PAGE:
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Towards a new generation of public-private partnerships for Infrastructure

Towards a new generation of public-private partnerships for Infrastructure

Latin America and the Caribbean is crying out for infrastructure improvements. An investment estimated at 5 percent of the region’s GDP—or $250 billion per year—is required to develop projects that are fundamental for economic development, not only by improving highways and bridges, but also by building hospitals and creating mobility solutions for smarter cities. Every other business sees a lack of infrastructure as a serious problem for the region.
AUTOR INVITADO
APRIL 02 2015

Towards a new generation of public-private partnerships for Infrastructure

PPP Americas FOMINAt the Multilateral Investment Fund, we believe that public-private partnerships (PPPs) can help governments fill this infrastructure gap. However, the projects must be implemented effectively and efficiently to achieve its social and economic objectives. Governments in the region not lack financing to address the infrastructure gap, but also face challenges in selecting the appropriate large infrastructure projects, planning the projects, managing and maintaining infrastructure assets—and gaining public support for private investment in public infrastructure.

Yet, PPPs are gaining ground in Latin America and the Caribbean. Beyond the larger economies of Brazil, Colombia, and Mexico, assistance from the MIF and the Inter-American Development Bank (IDB) has enabled countries such as Paraguay to develop laws that pave the way for PPP projects. Just this week, Paraguay announced its first such project, which involves an investment of $350 million to improve and build more than 150 kilometers of roads.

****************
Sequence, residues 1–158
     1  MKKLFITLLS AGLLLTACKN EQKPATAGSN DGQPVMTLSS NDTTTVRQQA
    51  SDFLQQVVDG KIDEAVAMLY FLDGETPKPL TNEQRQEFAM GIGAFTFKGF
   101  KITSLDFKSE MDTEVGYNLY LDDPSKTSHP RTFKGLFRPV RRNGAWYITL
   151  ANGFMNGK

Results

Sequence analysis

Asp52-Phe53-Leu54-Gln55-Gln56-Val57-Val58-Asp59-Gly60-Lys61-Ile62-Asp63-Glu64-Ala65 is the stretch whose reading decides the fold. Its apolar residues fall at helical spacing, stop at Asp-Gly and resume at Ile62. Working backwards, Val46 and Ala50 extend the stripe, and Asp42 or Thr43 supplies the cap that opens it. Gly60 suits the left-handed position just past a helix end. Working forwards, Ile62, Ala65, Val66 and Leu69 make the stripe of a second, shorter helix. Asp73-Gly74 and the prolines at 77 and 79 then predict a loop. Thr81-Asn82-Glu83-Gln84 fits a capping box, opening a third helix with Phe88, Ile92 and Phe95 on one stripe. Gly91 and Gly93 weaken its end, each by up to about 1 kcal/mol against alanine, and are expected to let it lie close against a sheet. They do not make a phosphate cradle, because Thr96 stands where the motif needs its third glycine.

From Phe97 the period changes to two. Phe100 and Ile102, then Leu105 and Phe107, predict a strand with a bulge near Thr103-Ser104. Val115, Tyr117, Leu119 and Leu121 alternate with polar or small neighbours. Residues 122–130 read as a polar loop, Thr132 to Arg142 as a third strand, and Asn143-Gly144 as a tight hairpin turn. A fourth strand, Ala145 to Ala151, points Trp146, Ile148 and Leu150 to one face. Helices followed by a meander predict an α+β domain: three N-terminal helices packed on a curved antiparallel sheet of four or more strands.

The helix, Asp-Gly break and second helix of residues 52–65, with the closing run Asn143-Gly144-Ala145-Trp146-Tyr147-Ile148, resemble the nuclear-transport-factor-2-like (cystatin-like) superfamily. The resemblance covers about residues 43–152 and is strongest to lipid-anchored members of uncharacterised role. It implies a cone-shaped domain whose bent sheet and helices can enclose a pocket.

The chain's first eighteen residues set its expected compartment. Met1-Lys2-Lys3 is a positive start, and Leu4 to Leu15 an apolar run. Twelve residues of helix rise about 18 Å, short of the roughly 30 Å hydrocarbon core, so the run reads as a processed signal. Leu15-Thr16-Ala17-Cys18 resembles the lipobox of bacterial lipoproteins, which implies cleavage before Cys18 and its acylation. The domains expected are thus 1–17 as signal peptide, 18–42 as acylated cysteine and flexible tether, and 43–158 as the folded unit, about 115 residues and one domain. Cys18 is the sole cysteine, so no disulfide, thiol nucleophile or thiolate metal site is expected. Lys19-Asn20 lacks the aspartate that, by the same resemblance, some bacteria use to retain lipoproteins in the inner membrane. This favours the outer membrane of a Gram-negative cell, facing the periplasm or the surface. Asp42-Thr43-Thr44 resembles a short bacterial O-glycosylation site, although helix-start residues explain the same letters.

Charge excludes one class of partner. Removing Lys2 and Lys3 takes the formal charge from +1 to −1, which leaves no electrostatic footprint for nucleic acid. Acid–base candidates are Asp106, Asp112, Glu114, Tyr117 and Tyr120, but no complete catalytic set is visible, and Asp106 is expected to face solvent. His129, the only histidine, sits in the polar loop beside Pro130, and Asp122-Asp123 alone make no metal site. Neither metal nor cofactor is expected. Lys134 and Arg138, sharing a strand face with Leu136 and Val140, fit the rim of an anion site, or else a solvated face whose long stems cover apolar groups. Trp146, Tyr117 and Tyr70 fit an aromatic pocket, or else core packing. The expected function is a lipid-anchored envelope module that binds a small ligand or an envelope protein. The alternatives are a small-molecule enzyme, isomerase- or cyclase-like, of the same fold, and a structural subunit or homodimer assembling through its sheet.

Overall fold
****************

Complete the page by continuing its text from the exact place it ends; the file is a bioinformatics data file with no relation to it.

PPPs have been moving beyond classic interventions in public infrastructure: roads, railways, power generation, and water- and waste-treatment facilities. The projects increasingly are on the next level, of providing social infrastructure: schools, hospitals, and health services. Some projects involve correctional facilities, and others finance the provision of social services using innovative social impact bonds.

Together with the government of Uruguay, we at the MIF and the IDB are proud to bring you this spring the next edition of PPPAmericas, the largest conference on sharing best practices and trends in the preparation and financing of PPP projects. We will be diving into issues including how to select better projects, make PPPs more fiscally sustainable and transparent, improve on the recent generation of PPP laws and regulations across the region, and deal with a surge in unsolicited proposals.

We hope you will join us at PPPAmericas in Punta del Este, Uruguay, April 14-16, to meet leading practitioners, policymakers, representatives of government, and private-sector experts. Together, we hope to begin to answer the question of how to create a smarter generation of PPPs.

Registration is now open at www.pppamericas.org

This blog was originally posted on the FOMIN blog

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Energy

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